A common chemical ingredient used in almost every sunscreen is ‘Oxybenzone’ also known as ‘Benzophenone-3’. This is an active chemical that absorbs UVA and UVB rays which protects skin from the sun. Whilst this ingredient is very effective at protecting your skin, it is a culprit in the massive destruction of coral reefs in the world's oceans.

Studies show that Oxybenzone damages the coral’s DNA and interferes with the reproduction and growth of young coral. Coral reefs house diverse ecosystems that provide habitat and food for many marine organisms, they also generate billions of tourist dollars to local economies.

Chemical ingredients like BHT, sodium Laureth sulfate, and BHA have also been found to cause changes to the biochemistry of aquatic life. They reduce the animal plankton population - a crucial food source to marine life and even result in fish death. Once these chemicals enter our waterway they are hard to remove. Even after sewage treatment, some of these chemicals remain in our water supply.

6) Accelerating single-use behaviour and waste 

Single-use items are one of the biggest contributions to the huge volumes of waste in the beauty industry. Items used for applying and removing cosmetics such as wet wipes, cotton buds and pads, face masks and blotting sheets are only used once and then are binned. These amount to a lot of waste too! 

In the UK, we use 1.8 billion plastic-stemmed cotton buds each year and an astonishing 11 billion wet wipes each year - causing an environmental catastrophe. Wet wipes clog up sewage systems and by the time they enter our oceans become often ingested by sea life, such as turtles, who mistake them for jellyfish and eventually die.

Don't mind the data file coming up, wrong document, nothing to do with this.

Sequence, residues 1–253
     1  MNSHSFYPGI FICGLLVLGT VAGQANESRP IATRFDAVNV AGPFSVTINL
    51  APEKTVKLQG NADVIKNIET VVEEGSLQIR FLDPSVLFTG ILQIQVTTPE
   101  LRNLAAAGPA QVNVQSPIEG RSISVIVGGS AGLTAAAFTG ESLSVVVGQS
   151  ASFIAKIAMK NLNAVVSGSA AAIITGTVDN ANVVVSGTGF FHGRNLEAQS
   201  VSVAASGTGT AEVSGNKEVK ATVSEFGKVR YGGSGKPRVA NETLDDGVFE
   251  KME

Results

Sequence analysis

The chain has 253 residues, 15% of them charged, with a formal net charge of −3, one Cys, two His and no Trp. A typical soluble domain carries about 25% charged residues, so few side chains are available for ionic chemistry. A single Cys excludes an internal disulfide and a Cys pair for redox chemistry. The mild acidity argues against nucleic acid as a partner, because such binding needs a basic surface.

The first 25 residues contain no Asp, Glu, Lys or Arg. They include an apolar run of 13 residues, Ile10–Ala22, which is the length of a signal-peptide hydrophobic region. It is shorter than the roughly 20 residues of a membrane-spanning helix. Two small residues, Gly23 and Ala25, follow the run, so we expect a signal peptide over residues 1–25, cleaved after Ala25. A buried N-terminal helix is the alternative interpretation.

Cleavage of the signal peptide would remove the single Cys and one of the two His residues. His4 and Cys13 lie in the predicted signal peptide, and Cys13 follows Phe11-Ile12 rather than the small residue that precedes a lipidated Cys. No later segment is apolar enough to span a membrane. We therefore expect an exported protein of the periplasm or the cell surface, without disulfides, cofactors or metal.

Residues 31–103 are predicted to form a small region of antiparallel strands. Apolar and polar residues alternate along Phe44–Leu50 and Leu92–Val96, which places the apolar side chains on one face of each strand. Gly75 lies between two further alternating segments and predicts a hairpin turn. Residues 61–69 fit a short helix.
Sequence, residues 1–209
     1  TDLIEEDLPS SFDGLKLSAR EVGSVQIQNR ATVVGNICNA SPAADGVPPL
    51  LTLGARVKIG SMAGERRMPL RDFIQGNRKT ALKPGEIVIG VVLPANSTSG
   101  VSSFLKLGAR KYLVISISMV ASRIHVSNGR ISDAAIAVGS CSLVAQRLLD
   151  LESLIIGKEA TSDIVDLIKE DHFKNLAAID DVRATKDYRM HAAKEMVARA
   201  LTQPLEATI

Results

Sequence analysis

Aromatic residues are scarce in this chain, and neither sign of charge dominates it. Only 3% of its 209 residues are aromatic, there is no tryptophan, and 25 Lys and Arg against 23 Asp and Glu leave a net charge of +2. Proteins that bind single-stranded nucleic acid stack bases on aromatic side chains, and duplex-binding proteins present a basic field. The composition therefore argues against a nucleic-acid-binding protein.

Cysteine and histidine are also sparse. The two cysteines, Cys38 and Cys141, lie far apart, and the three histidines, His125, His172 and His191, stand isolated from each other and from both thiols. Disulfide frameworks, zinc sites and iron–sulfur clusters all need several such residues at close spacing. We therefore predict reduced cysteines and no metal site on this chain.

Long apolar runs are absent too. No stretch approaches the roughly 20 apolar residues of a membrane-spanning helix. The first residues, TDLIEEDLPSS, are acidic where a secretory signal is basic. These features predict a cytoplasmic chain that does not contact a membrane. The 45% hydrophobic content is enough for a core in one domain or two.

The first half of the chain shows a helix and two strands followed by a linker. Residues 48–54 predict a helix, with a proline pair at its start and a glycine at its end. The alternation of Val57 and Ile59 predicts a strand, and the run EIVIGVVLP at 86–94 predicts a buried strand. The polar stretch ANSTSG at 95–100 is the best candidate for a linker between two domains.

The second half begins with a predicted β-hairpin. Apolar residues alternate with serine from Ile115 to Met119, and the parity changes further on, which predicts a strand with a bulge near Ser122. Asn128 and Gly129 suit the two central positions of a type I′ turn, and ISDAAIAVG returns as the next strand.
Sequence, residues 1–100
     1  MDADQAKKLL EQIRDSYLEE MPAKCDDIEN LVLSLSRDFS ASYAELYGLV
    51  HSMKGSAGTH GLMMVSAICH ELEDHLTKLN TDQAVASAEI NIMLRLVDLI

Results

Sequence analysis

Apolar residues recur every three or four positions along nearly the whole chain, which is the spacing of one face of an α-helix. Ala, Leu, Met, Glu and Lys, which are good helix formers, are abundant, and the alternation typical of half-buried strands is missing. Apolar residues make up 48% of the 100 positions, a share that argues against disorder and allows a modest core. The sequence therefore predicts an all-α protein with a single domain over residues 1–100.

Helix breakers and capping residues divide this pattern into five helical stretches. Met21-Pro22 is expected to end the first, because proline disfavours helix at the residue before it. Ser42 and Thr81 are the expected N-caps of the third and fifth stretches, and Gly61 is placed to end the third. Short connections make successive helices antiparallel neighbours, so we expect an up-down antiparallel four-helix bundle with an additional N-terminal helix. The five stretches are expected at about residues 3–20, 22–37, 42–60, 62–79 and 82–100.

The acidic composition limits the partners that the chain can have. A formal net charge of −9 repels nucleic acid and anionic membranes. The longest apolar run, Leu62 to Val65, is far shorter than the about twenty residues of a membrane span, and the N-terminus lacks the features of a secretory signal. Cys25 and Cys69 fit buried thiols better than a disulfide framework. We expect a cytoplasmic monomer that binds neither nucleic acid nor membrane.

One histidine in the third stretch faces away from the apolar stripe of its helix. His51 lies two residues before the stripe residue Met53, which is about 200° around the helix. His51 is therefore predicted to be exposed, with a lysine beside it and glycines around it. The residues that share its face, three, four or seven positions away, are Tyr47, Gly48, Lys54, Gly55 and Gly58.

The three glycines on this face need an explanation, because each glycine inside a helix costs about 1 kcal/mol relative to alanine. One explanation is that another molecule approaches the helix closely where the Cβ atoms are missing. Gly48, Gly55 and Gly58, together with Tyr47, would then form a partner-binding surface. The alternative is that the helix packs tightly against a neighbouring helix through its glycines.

And for wet wipes that are not flushed, they end up in landfills where their toxic chemicals seep into the soil and poison our land. 

7) The beauty industry is still causing animal cruelty

Testing cosmetics on animals is not only inhumane and unnecessary, but it is also a huge polluter. Surprisingly, 80% of countries still allow cosmetics to be tested on animals, subjecting 100 million animals a year to possible allergens that often cause suffering and death. 

Testing facilities are highly resource-intensive and wasteful. They require huge amounts of space, ventilation, temperature stabilization, and constant lighting. They produce waste including chemical, radioactive, and biological hazards, from cleaning, testing and burning dead bodies. Between 2011 and 2013, waste from the National Institutes of Health’s animal testing facilities (USA) totalled 1.5 million pounds in weight. 

Boycotting animal-tested cosmetics can help bring an end to the demand for these inhumane practices. 


Despite the cosmetics industry making small progress, it is clear that green innovation is not a priority in the almost $700 billion dollar beauty industry.

At KiteNest, we put our ethos and ethics before everything we do, but that doesn't mean that your finished product will be any less amazing. Our clean conscious cosmetics won't only help the planet, but they'll make you feel incredible too.

All KiteNest products are 100% natural, cruelty-free and don't include any harmful ingredients like SLS or parabens. Our products are made from natural ingredients using renewable energy and are packaged with zero-plastic. We have refill options too. 

How you can help?

We should all care for the beauty of our planet as much as we care for the beauty of our bodies. By adjusting and making simple swaps to your beauty routine you can help push the agenda of sustainable cosmetics forward by: 

  • Choose natural beauty products
  • Buy from sustainable beauty brands
  • Swap to reusable wipes
  • Continue to educate the impact of your consumerism and routines 
  • Avoid products that contain unstainable Palm Oil or Vegetable Oil
  • Avoid buying sunscreen that contains Oxybenzone
  • Choose plastic-free products
  • Opt for product packaging made with glass, tin or recycled paper
  • Proactively support businesses which provide refill options
  • Purchase cosmetics from local companies to lower their carbon footprint
  • Bycott products that are tested with animals
  • Send empties into TerraCycle when they aren't accepted through curbside recycling. You can see a full range of their services here